Sometimes, it’s hard to travel the streets I know intimately without seeing ghosts. They don’t appear every time . . . but when they do, the images stay with me for days. There is one street in particular that holds many impressions of happenings from the past. For the first seven years after Becca’s death, I chose a circuitous route in order to avoid that particular road. The memories scattered along it’s length were too hard to recall.
For a brief time those faint traces of Becca’s life were comforting. The life we had all lived together existed when I could see the physical locations. As the months pass by . . . it seems as if our child’s existance is slowly being erased. The years start to accumulate and new buildings go up, old ones come down, we no longer recognize the world that once was. Was that store there when she was alive? I’ve reached for my phone to ask her, forgetting for a split second, then realize I can’t.
Fortunately, or possibly unfortunately (depending on where my level of sadness is), the main markers of our life together still stand. In the distance of about three miles there is a memory on every block of the street. From our life to the funeral home we used after her death. It’s only very recently that I have been able to travel said street without flinching, as I drove along, as I passed each memory.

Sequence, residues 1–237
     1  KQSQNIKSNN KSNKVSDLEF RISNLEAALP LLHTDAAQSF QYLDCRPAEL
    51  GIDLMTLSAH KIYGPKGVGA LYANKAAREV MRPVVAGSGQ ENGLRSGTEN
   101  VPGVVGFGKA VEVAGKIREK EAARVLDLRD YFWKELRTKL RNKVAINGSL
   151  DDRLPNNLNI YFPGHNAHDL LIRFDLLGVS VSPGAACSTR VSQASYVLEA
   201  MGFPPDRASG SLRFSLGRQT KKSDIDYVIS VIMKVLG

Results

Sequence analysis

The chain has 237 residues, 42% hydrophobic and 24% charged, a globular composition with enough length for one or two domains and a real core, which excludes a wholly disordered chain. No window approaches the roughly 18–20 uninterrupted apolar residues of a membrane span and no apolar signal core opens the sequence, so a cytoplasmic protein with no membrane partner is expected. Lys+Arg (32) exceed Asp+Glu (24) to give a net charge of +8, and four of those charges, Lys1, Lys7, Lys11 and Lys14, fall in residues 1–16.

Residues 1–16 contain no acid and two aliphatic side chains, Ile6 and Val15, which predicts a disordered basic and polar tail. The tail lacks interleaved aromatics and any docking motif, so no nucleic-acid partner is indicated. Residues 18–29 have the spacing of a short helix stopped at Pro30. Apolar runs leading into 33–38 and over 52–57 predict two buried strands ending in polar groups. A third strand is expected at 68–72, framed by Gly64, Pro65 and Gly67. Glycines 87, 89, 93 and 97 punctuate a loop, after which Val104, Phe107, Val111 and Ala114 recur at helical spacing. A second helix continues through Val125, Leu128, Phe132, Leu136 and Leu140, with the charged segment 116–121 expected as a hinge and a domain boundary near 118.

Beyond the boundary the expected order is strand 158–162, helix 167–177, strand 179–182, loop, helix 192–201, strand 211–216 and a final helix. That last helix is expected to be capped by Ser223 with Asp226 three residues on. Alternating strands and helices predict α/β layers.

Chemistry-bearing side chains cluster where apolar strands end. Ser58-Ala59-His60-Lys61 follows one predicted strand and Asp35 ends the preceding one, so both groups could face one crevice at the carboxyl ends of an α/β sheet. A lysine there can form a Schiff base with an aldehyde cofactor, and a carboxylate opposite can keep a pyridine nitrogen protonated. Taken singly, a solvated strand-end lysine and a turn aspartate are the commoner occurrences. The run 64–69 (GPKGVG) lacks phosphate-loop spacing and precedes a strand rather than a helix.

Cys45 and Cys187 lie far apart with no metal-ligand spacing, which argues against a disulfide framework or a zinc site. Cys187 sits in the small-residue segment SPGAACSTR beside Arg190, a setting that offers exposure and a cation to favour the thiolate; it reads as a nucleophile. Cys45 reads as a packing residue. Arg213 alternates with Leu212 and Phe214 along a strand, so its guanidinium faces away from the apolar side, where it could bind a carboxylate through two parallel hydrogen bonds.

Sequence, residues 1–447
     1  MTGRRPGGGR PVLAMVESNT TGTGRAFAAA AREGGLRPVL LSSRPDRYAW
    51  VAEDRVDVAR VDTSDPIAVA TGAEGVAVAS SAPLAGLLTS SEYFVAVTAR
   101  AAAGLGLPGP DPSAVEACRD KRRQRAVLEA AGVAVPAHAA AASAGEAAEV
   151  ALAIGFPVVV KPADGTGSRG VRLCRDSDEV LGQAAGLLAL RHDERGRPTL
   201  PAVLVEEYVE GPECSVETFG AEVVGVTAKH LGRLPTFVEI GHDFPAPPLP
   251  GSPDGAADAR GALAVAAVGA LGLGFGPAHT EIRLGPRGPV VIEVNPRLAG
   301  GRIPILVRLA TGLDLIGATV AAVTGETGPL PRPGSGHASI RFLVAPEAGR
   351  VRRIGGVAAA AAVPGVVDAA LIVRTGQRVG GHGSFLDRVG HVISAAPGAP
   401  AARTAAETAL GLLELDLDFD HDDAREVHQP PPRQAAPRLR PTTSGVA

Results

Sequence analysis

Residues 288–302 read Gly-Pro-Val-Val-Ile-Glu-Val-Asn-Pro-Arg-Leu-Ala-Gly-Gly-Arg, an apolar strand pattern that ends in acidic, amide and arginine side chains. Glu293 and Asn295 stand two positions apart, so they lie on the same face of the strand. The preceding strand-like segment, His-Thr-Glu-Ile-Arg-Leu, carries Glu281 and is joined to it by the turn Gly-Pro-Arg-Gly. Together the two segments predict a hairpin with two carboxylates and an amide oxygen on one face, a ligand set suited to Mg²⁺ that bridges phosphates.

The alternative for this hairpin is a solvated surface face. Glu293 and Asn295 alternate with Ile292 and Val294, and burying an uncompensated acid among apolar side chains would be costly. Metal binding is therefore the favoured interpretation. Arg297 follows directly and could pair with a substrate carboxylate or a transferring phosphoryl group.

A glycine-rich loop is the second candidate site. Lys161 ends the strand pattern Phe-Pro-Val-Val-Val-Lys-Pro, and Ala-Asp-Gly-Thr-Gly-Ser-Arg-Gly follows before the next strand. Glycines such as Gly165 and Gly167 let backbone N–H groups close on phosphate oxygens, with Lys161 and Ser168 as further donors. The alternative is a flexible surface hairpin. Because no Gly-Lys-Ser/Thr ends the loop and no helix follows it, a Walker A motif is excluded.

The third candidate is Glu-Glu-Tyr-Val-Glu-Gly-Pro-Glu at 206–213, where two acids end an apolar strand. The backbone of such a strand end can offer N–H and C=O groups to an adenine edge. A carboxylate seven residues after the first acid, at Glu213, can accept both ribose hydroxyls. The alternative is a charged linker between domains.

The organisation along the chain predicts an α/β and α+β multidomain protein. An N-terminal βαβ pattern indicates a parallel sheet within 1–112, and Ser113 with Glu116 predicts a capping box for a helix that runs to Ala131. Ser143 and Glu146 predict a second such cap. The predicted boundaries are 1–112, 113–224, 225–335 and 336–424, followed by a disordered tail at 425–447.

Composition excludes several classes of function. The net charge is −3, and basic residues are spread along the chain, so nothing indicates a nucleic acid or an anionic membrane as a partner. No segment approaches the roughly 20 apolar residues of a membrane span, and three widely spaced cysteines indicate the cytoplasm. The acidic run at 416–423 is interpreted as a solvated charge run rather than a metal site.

And it’s recent that I have decided it’s time to leave the house she knew me in. This is an incredibly difficult decision to make. But, I know it’s what is best for me. I have worries about this move. My biggest worry? Will my child know to follow me to where I am going. I know for some this sounds silly, however, it’s a fear that is very real for me. I imagine it’s a fear for other grieving mothers, as well.
In this house, I can lay my hand on a doorknob and know my daughter touched it once. I can stand on the section of floor where she stood, letting me hold her, while she cried. If it’s quiet enough I can hear the laughter. When it’s dark, I can see her form in the shadows. As I right, this I wonder if I am making the right decision, after all. Am I strong enough to leave the space our life inhabited for so long?
When I stand in my living room for the last time I am going to say, very loudly, “Becca, it’s time to go. Come with me, honey.”
In the spring, when the earth has thawed, I am coming back and cutting up the patch of lawn where I held her for the very last time.
I’m not odd . . . I’m a grieving mom.